It seems like every time you turn on the TV, there’s a chance that you’ll see at least four commercials promoting the main mobile carriers. Verizon, AT&T, Sprint and T-Mobile seem to be in a constant war to steal each other’s customers by enticing them with no contracts and unlimited data. Since the never ending slew of these commercials is, in fact, never ending, it’s safe to say that these methods work well for the carriers. But have you ever wondered what happens to your phone number after you switch carriers? It gets recycled. This is why you’ve probably gotten some wrong-number texts a time or two after getting a new phone.
Phone number recycling, which TeleSign defines as an industry term referring to when a deactivated/disconnected number gets reassigned to someone else, typically in 90 days - but can be faster in high-demand area codes (212, 310, etc.). While informing someone’s ex-boyfriend that he now has the wrong number may be annoying, it’s not the end of the world. However, recycled numbers can cause several other problems.
Recycled Numbers and Fraud
Mobile phones are both a blessing and a curse. On the one hand, it’s great that we have access to all of our accounts—and basically everything important in our lives—right at our fingertips. On the other hand, this opens us up to fraud, and can be very dangerous if we choose to recycle our numbers without updating our account information. I’d be willing to bet that, like me, you have all of your secure accounts text you a verification code when logging in from a new device. That’s all well and good, but what if you recycle your number and forget to update that setting? Whoever gets your new phone number can then hack into your accounts by using this verification method, thus compromising your identity and partaking in all sorts of fraudulent activity.
Recycled numbers can also prove to be a problem if the original user had subscribed to receive automated notifications. In 2014, Twitter had an action filed against it in the Northern District of California for allegedly sending automated text messages to subscribers with recycled phone numbers. Since the new owners had not given consent to receive these messages, they felt that their privacy was being infringed upon. Although a scenario like this is annoying, people tend to become even more upset if their new number falls victim to fraudulent A2P messaging and grey routes.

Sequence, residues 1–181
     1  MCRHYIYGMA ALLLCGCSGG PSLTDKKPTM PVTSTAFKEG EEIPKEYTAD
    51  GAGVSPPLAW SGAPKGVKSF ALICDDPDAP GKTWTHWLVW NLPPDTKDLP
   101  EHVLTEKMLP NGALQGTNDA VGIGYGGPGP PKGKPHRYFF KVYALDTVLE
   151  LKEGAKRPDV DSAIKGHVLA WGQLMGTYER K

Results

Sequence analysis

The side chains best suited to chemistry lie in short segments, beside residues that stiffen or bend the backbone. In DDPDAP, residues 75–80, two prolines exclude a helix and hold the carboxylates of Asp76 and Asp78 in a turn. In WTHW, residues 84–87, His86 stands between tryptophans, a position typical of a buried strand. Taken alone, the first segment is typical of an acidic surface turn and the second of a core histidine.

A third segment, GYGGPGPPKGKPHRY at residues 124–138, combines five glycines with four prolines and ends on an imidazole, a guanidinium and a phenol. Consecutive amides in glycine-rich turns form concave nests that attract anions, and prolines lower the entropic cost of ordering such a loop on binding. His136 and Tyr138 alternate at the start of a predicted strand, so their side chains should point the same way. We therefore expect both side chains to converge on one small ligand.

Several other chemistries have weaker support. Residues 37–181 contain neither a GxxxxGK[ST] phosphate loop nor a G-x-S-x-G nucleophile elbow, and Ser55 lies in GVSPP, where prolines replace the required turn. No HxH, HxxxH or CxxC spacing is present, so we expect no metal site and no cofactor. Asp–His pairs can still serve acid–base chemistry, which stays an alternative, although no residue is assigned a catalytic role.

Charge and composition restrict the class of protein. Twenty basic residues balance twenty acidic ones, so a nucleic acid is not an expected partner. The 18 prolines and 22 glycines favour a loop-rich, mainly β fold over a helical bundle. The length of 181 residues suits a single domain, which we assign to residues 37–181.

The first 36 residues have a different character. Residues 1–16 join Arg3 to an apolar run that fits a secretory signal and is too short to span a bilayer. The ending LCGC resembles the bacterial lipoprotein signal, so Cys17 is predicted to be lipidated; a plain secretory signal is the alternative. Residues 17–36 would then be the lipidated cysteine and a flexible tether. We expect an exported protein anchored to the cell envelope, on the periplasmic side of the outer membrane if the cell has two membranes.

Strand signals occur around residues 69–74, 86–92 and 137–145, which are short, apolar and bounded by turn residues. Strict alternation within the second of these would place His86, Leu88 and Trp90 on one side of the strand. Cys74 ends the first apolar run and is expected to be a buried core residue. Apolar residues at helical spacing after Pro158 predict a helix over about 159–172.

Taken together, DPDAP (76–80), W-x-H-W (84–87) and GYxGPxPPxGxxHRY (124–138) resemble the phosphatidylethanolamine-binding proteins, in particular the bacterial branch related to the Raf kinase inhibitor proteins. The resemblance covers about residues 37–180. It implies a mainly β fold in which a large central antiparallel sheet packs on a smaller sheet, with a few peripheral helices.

While recycled numbers are a good idea in theory, they open people up to several types of fraud that may not have affected them before. It has become such a problem that the FCC has even regulated it with the Telephone Consumer Protection Act (TCPA) in 2015. The TCPA is designed to give power back to consumers who are tired of receiving unwanted calls. Any company that does not comply with the TCPA can be fined $11,000 by the FCC per incident.
With hefty fines serving as a good incentive, carriers are embracing solutions that help customers with recycled numbers to avoid unwanted messages and protect their data. These solutions also help businesses analyze which numbers still belong to the same person, thus enabling them to save recycled number users from a barrage of unwanted messages. For example, TeleSign offers PhoneID which, “provides a variety of phone-based risk indicators that companies can integrate into their systems to better [assess] the risk of a user based on their phone number. One such indicator is Number Deactivation, which helps customers determine when a phone number has been truly deactivated– based on carriers’ phone number data and our proprietary analysis. This empowers companies to update account details and avoid accidently leaking user data before a number is moved over to a new user.”
Early Warning has a similar solution that helps businesses verify the names associated with phone numbers and Neustar offers an Intermodal Ported Telephone Number Service, which “provides two files consisting of lists of intermodal ports of telephone numbers between wireline-to-wireless ports and wireless-to-wireline ports.” These files are updated on a daily basis, meaning that contact information is always up-to-date, giving businesses and operators a fighting chance at avoiding fines.
There are several solutions available to help companies and operators make sure that their services are TCPA-compliant. Those that fail to keep an eye on this issue open their customers up to several types of fraud, which not only results in fines from the FCC, but can also hurt your reputation. Can you afford to frustrate or harm customers?
Edited by Stefania Viscusi